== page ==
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JK Rowling answers scientists puzzled by evolutionary purpose of female orgasm

It's an important incentive. 

Heather Saul
Thursday 04 August 2016 12:51 BST
JK Rowling
JK Rowling (PA)

There has been much chatter this week about the female orgasm and how it became a part of sex in a species where it is not necessary for procreation.

While the reproductive purpose of the male orgasm is clear, the female equivalent plays no role in reproduction.

An article in The New York Times explores the phenomena which has fascinated biologists after two new experts joined the search for its evolutionary roots and biological function.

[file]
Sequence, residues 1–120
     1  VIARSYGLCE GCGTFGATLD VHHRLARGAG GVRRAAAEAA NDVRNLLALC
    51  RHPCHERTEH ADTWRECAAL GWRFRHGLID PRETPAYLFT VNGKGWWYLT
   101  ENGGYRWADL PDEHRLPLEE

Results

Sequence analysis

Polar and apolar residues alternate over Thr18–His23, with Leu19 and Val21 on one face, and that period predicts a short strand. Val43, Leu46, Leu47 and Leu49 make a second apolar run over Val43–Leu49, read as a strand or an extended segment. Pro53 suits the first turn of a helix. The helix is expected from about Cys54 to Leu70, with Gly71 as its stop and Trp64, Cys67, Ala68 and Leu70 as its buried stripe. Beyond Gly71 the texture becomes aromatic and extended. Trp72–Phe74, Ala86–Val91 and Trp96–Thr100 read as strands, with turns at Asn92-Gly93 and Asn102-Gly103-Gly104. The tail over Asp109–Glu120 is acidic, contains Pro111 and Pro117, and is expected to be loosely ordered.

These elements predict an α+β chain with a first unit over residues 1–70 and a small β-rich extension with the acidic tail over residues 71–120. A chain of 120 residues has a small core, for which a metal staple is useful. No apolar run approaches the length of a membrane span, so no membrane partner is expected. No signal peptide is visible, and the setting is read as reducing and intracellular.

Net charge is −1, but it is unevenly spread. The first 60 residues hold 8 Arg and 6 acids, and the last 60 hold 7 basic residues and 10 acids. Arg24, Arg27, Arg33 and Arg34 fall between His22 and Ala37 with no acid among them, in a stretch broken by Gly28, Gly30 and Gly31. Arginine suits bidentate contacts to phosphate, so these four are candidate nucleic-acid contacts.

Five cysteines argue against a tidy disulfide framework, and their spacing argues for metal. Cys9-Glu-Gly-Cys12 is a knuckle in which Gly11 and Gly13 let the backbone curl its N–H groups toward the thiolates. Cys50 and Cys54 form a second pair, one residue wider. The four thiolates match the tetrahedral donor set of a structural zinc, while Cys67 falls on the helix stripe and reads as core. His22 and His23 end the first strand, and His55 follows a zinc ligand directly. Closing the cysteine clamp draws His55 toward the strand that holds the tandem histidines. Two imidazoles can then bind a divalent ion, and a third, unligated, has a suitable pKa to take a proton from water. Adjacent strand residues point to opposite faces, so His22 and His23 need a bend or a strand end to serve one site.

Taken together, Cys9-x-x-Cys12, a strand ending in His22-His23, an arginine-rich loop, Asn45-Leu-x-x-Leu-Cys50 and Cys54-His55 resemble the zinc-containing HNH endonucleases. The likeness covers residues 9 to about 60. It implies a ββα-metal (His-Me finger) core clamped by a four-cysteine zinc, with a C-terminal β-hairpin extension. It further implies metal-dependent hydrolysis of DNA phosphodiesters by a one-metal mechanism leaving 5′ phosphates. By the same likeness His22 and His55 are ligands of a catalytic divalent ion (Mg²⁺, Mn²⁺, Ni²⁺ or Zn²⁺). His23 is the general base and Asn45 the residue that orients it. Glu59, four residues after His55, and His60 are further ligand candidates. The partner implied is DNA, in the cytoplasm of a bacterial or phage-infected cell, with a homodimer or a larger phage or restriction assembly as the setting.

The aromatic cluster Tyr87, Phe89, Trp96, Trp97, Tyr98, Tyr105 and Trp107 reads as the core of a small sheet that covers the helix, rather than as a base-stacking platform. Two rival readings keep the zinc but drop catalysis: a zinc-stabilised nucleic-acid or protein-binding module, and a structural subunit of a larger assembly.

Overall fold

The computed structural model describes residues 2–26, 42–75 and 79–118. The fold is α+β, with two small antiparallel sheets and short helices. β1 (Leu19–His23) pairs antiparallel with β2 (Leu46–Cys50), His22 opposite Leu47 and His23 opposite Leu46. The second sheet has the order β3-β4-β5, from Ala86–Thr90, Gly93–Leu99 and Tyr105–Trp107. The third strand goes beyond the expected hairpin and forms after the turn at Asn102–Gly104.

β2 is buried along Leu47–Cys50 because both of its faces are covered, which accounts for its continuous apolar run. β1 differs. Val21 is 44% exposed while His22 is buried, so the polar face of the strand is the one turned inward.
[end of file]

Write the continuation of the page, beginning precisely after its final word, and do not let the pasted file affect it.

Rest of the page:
The piece also highlights research by Dr Elisabeth A. Lloyd, who believes the female orgasm has not served any evolutionary purpose and is simply a “byproduct” of the male orgasm.

But JK Rowling, who normally reserves her Twitter feed for drip-feeding die-hard fans random insights into the characters from the Harry Potter series, stepped into the fray to solve the enigma of the female orgasm by underscoring what an important incentive it serves.

Scientists say they have now deduced its purpose. Apparently, it is an afterthought of evolution, left from our ape ancestors. Researchers believe that the trait now called the orgasm once helped trigger ovulation.

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